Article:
Of course, Pascal Dupuis has taken a more prominent role, while James Neal has taken everything Ruslan Fedotenko provided and multiplied it by 10 – but the fact remains that this team as currently constructed lacks a level of snarl that was a trademark of Ray Shero’s early years as Penguins general manager.

It would be easy to point to the Penguins’ penalty kill time of 138:12 (27th in the NHL) or their 85 times shorthanded (26th in the NHL) and claim they are as physical and nasty as they ever have been. It also would be easy to explain that the majority of those penalties are of the obstruction variety from lazy back-checkers caught out of position.

The Penguins don’t hit as frequently or as hard as they used to (11th in the NHL). They don’t block shots at the frequency they once did (9TH in the NHL). And they don’t take away the puck at a respectable level (29th in the NHL). One area they have turned around drastically is their faceoff percentage (4th in the NHL).

While none of these stats alone will turn a poor team into a contender, they all represent attributes of a winning team: sacrifice, hard work, and passion.

Some Leadership Wouldn’t Hurt, Either

The Stanley Cup Champion Penguins of 1991, 1992, and 2009 had been-there-done-that veterans who demanded respect from the team and who had an attentive audience when they spoke.

This team has its fair share of been-there-done-that veterans as well, especially considering a large percentage of the players were on that Cup winning team of four years ago. But few of them are the vocal, emotional, “rah-rah” leaders who can or will give an intermission pep talk to boost morale and change the dynamics of a game.

Sometimes said leader has to come from outside the organization, bringing with him a championship void that fuels a passion and desire that might not exist among the young Championship-winning leaders already in the locker room, even if his on-ice production isn’t what it once was.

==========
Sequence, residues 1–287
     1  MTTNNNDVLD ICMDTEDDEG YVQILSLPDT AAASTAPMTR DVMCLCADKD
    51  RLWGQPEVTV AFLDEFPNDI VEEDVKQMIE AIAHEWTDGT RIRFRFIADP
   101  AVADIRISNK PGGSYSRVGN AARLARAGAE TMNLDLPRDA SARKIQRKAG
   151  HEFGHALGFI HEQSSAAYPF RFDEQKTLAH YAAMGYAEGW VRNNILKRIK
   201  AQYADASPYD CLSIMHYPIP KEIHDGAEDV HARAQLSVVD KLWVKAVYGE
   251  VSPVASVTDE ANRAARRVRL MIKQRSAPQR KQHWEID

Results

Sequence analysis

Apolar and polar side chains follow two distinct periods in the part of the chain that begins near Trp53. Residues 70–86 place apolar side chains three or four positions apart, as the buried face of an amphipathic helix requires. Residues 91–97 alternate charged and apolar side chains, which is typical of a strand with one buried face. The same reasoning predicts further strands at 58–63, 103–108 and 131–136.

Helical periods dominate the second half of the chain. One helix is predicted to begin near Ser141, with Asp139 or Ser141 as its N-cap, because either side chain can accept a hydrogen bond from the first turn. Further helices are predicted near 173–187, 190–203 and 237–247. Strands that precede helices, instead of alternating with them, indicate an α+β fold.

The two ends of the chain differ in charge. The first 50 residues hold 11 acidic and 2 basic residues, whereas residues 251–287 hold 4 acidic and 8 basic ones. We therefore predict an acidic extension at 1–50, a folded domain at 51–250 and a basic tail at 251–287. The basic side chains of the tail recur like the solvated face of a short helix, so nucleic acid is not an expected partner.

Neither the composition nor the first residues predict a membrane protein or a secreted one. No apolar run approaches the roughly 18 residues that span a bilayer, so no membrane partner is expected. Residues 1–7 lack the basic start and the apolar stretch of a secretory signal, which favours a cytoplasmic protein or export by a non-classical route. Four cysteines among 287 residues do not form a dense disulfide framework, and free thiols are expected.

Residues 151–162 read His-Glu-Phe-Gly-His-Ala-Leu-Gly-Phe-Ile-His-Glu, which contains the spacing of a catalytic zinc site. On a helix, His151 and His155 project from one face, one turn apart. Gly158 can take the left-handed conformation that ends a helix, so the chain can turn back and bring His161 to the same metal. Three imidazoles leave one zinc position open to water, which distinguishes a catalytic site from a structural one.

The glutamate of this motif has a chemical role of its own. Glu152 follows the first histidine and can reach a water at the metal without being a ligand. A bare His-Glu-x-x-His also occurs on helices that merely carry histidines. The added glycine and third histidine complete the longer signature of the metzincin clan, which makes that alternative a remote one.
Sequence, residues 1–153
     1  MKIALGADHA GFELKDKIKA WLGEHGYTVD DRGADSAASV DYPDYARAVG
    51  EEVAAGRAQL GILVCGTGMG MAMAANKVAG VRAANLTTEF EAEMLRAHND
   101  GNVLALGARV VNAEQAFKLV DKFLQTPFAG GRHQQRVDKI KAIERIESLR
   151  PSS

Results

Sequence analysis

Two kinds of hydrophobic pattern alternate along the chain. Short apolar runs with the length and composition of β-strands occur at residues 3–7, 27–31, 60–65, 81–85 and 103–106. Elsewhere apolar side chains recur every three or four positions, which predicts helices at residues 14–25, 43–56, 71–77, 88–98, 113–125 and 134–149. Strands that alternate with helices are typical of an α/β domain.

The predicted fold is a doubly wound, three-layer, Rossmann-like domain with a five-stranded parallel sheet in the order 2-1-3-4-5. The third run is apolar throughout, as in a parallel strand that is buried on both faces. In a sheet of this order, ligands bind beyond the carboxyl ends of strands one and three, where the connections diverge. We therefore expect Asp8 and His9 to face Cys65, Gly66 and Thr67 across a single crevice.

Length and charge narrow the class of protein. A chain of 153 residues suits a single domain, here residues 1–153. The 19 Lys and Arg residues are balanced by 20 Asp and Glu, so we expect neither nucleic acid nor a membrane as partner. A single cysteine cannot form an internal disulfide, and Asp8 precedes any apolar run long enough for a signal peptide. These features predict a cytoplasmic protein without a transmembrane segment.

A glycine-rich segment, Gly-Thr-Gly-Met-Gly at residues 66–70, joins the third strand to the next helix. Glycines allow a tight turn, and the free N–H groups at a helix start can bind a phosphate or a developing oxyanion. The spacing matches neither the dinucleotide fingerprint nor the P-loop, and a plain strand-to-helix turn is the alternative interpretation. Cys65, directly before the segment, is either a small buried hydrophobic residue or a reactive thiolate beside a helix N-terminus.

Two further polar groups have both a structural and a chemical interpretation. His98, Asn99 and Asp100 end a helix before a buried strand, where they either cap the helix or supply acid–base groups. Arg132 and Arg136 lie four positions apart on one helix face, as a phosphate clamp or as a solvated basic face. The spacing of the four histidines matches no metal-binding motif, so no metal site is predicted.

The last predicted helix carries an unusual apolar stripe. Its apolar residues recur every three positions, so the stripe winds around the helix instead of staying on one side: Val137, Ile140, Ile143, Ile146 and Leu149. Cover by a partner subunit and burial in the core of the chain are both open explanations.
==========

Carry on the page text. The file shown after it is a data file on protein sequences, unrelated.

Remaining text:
It sounds cliché that a team should seek “leadership,” but it really isn’t. In every sport as the playoffs unfold we hear about the grizzled veteran for whom everyone wants to win. Think of Lanny McDonald’s epic red mustache as he captained the Calgary Flames to a Stanley Cup in his final season in 1989, or more recently, think of Ray Lewis’ obnoxious dance and poetic interviews as he captained the Baltimore Ravens to a Super Bowl in his final season just last month.

Sure, they’re great stories for the media to latch onto, but their also legitimate intangibles that motivate players. When a team has a near-retirement player who is well-liked amongst his peers, exudes leadership, and eats/sleeps/breathes championship…well, it becomes contagious and creates a “monster.”

Leadership alone won’t win games. Even Gary Roberts will testify to that. But combined with talent and hard work, it balances a roster in the locker room, on the bench, and on the ice.

That can’t be overlooked or understated for this Penguin team as the April 3 trade deadline and ultimately the playoffs approach.

2+2=4

Reading through this dissertation (which has grown to three or four times the length I originally anticipated as my list of topics increased) might lead one to believe an apocalypse is upon is.

It’s not, and this team is not bad — it’s just incomplete.

Shero need not sacrifice the future by selling off his draft picks and prospects for a superstar whose name rhymes with “erome gnla.” That said, if a veteran of Jerome Iginla’s caliber should become available at a respectable price, he would provide several of the attributes mentioned above that are lacking, such as leadership, toughness, and an insatiable thirst for a Stanley Cup.

More realistic targets might include the worn-down, but not worn-out winger Brendan Morrow; physical, shutdown defenseman Ladislav Smid; and veteran penalty kill specialist defenseman Robyn Regehr; among other lesser-known, lower impact players.

Sure, it would be exciting to see Daniel Alfredsson (Sidney Crosby’s admitted ideal winger) traded to the Penguins, but the “sexy” deal isn’t always the one the makes a team better.

As illustrated above, scoring is not what’s needed for the 2013 Penguins. If Shero can swing a few “smaller” deals for role players who bring the intangibles, the sum of all the parts could equal a Stanley Cup.